According to a pan-India serosurvey conducted by the Council of Scientific and Industrial Research in its nearly 40 institutes revealed that smokers and vegetarians were found to have lower sero positivity which indicates that they may be at a lower risk of getting infected by the deadly coronavirus.
As well as the ones with blood group ‘O’ may be less susceptible to the infection, the survey found, while the ones with ‘B’ and ‘AB’ blood groups were at a higher risk for contracting the disease.
For its study, the Council of Scientific and Industrial Research (CSIR) took samples of 10,427 adult individuals working in its laboratories or institutions and their family members to assess the presence of antibodies to SARS-CoV-2, based on their deliberate participation.
However, the study which was piloted by CSIR-Institute of Genomics and Integrative Biology (IGIB), Delhi said of the 10,427 individuals, 1,058 (10.14 per cent) had antibodies against SARS-CoV-2.
Shantanu Sengupta, senior scientist at IGIB and one of the co-authors of the paper said, a follow up on 346 sero positive individuals among the samples after three months revealed ‘stable’ to ‘higher’ antibody levels against SARS-CoV-2, but decreasing plasma activity for neutralizing the virus.
At six months, a repeat sampling of 35 individual revealed declining antibody levels while the neutralising antibody remained under control as compared to three months.
However, both the normal antibody as well as the neutralising antibodies were much above the required threshold, he said.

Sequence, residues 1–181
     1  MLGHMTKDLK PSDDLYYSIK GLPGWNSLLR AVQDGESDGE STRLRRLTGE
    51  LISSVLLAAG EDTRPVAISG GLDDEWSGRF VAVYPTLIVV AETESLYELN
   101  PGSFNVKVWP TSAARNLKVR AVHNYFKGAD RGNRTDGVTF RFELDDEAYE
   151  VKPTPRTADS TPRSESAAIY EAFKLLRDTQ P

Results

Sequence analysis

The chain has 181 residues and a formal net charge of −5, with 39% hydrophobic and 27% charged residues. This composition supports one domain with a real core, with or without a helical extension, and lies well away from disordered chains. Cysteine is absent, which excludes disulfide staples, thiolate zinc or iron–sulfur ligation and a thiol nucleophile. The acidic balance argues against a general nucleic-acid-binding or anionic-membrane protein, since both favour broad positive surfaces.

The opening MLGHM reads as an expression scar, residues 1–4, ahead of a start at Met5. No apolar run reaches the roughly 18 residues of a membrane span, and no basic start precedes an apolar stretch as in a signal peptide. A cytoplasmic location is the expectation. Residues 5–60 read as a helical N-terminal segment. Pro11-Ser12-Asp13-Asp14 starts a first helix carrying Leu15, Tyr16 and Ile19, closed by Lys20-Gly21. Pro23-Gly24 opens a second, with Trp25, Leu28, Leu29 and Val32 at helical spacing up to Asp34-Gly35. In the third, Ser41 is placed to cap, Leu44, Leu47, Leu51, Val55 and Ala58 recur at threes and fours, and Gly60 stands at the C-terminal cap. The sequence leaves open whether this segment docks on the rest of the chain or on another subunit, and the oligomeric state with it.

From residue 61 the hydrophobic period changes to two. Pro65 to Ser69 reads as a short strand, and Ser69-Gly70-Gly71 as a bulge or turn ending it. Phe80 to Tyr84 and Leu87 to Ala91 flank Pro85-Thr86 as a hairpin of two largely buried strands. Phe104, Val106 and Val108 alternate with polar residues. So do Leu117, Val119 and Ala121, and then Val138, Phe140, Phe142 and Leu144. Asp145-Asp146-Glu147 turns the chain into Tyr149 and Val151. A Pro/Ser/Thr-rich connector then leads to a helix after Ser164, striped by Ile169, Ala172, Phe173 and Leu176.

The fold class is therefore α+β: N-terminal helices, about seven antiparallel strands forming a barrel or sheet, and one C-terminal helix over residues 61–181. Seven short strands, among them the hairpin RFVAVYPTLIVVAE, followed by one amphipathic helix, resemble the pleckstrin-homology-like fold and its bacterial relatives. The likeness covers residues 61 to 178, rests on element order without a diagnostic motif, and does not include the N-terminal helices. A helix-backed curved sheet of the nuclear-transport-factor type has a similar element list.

The study said, “Our finding that smokers are less likely to be seropositive is the first report from the general population and part of growing evidence that despite COVID-19 being a respiratory disease, smoking may be protective.”
The ministry had said experts have confirmed in its ‘COVID-19 Pandemic and Tobacco Use in India’, that smokers were more likely to develop severe symptoms or die from COVID-19 as this disease affects the lungs at the primarily as well as also warned for the use of such products.
Smokers were more vulnerable to COVID-19 cautioned the ministry, as smoking is a act where the fingers are in contact with lips which increases the risk of transmission of virus from hand to mouth easily.
Anurag Agrawal, IGIB director, and one of the co-authors of the paper said, “The presence of such antibodies is a reliable marker of infection and recovery. However, some infected people may not develop antibodies.”
“Use of private transport, lower-exposure occupations, smoking, vegetarianism and ‘A’ or ‘O’ blood groups appeared to be protective, using seropositivity as a surrogate for infection,” the paper added.
For about three months (35 individuals) to six months (346 individuals) were monitored for antibodies including those with probable neutralising activity and this was for the first time that a study has been conducted in India wherein this number of people were included , said Sengupta. This is the first such cohort survey, he added.
“We conducted both the normal antibody test and neutralising anti-body test to understand the prevalence and duration of antibodies,” he said.
Some 40 institutes covering the length and the breadth of the country and each specialises in different fields that CSIR covers.
However, at the front position in conducting the genome sequencing of coronavirus there were mainly two institutes which has been a part were, the IGIB and its sister institute Centre of Cellular and Molecular Biology.